Unclear goals and performance obstacles in a surgical department in Sweden, A case study
(English)Manuscript (preprint) (Other academic)
Background: To improve working conditions and counteract nursing shortages, more knowledge is needed about the goals that guide nurses’ work, and the opportunities nurses have to carry out their work well. The aim of this study is to describe how nurse managers, registered specialist nurses and non-registered assistant nurses interpret stated organisational goals and their own daily goals, and to identify performance obstacles for nurses in a surgical department.
Methods: A descriptive case study design was performed in a surgical department, comprising structured individual and group interviews according to work content analyses with nurse managers, registered specialist nurses and assistant nurses. Interviews were analysed in terms of predetermined aspects regarding working conditions and criteria for performance obstacles. Extracts from documents stating goals and registered data supplemented the interviews.
Results: The findings show that the daily surgery schedule, not the goal documents, guided daily work. An over-optimistic surgery schedule with unplanned changes and cancellations, over which the nurses had very little influence, as well as the time required to locate necessary equipment that was spread throughout the ward, resulted in nurses rushing through medical records and other preparations rather than preparing calmly for surgery. Although the registered specialist nurses and assistant nurses considered quality of care to be highly important, no standardised evaluations on quality of care were performed.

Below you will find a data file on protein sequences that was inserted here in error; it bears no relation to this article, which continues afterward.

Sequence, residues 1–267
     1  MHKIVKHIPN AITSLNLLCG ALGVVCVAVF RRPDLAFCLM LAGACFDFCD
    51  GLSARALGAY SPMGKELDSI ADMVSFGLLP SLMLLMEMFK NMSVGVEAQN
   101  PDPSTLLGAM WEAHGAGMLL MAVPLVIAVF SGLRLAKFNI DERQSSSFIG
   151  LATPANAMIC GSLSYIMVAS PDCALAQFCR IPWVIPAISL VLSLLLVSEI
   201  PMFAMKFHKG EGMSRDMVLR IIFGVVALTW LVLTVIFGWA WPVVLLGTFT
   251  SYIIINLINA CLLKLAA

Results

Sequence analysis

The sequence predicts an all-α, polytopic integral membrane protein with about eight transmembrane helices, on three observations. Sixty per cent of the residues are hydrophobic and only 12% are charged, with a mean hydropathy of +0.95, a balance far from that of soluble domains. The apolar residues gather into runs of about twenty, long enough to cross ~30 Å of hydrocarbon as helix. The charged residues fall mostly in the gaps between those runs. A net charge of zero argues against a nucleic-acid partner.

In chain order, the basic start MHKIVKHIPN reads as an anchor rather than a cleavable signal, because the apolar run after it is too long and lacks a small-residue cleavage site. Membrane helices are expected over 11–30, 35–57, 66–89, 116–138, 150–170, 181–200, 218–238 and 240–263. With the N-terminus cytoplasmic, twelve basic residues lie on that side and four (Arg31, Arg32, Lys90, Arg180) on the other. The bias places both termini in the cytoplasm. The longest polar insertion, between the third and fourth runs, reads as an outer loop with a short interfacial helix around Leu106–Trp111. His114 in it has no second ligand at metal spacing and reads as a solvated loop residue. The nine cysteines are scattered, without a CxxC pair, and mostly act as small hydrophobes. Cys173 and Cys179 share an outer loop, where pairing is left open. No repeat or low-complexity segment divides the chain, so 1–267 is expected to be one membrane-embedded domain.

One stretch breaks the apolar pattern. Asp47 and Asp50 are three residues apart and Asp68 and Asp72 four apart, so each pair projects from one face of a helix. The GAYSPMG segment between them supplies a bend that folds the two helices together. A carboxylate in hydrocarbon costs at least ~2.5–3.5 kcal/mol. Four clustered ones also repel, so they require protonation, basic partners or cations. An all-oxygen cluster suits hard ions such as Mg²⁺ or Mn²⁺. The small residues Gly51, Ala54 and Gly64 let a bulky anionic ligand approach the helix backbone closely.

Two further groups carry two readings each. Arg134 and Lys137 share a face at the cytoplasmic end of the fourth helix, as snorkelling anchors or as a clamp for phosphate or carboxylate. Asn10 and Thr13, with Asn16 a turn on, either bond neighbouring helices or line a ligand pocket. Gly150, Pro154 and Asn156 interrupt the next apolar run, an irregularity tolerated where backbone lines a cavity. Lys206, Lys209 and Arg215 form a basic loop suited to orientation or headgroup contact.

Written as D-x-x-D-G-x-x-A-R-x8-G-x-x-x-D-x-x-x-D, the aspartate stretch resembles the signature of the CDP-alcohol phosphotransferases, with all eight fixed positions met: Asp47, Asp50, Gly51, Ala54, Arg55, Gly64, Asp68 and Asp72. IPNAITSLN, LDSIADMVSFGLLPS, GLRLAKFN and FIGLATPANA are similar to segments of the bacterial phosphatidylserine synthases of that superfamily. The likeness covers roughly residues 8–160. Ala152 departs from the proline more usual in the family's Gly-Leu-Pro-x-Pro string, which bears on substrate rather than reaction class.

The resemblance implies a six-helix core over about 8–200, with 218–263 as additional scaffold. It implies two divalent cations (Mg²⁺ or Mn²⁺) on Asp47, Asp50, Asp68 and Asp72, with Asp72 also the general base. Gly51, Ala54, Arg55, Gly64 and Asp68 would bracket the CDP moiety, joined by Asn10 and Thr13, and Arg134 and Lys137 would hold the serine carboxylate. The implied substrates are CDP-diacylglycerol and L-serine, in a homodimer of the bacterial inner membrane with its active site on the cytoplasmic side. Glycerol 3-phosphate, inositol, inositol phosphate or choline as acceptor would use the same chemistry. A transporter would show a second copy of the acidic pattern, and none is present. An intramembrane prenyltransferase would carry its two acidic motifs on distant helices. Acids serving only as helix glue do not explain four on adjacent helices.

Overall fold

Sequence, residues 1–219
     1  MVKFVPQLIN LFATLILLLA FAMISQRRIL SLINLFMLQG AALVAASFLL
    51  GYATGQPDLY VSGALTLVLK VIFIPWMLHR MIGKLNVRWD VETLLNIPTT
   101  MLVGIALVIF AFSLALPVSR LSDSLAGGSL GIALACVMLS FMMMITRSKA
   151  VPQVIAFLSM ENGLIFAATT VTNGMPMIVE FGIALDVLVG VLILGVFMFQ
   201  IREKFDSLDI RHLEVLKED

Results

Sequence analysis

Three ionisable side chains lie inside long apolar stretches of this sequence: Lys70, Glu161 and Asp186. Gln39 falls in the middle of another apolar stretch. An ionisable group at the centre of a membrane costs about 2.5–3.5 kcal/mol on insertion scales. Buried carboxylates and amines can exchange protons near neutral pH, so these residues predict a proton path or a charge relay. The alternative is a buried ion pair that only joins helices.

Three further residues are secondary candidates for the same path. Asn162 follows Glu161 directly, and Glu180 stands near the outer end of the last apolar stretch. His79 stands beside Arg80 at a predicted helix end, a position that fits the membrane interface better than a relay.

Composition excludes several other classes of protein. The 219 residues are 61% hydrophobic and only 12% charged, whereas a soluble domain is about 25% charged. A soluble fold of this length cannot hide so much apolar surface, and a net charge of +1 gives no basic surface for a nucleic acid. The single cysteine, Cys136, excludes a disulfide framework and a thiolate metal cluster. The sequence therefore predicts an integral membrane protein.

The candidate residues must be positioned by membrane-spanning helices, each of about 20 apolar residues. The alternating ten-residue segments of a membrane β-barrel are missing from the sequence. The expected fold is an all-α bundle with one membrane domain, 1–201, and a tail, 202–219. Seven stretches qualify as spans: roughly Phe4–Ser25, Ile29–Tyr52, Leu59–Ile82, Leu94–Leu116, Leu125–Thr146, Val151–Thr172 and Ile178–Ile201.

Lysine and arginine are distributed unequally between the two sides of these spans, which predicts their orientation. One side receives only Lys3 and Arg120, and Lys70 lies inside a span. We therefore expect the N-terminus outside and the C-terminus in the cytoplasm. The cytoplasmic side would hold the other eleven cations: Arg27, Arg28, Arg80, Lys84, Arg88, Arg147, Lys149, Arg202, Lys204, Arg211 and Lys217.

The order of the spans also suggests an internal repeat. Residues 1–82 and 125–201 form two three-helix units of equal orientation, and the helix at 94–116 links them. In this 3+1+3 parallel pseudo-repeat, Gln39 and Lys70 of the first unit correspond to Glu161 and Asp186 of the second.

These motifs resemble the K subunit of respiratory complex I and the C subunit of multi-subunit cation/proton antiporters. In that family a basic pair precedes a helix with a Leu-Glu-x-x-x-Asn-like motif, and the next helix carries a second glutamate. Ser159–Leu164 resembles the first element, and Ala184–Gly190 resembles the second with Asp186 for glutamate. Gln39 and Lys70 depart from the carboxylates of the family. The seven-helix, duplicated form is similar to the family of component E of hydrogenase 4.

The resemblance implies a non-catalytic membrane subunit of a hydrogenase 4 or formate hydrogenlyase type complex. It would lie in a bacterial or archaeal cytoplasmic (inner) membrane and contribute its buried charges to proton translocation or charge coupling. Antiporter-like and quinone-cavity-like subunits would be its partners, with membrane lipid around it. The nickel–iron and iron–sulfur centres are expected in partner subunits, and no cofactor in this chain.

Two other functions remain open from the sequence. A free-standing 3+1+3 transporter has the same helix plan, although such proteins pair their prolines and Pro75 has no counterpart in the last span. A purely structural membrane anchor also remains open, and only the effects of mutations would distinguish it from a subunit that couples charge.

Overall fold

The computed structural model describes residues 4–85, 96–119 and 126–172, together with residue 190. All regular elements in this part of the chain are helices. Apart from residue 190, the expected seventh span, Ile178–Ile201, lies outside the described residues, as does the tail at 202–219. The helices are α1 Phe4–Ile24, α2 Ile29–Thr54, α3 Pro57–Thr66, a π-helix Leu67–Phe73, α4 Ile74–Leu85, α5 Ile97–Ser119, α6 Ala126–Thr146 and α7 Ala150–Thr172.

Conclusion: Due to goal incongruence and performance obstacles, the nurses were often unable to reach their daily goals. Involving registered specialist nurses in the schedule-planning process could facilitate their work to better match the requirements of the physical work environment and the staff availability. In order for the Surgical Department Goal Document to guide work, goals must be transformed into understandable, realistic, applicable and evaluable aims, and incorporated into daily work.
The study also reveals the importance of a functioning physical work environment including storage, technical equipment supplies, and the positioning of technical equipment in operating rooms, in order for registered specialist and assistant nurses to perform their tasks well.
case study, interview, nurses, operating rooms, organisational objectives, professional practice
Medical and Health Sciences
Research subject Caring Sciences
IdentifiersURN: urn:nbn:se:uu:diva-267047OAI: oai:DiVA.org:uu-267047DiVA: diva2:872711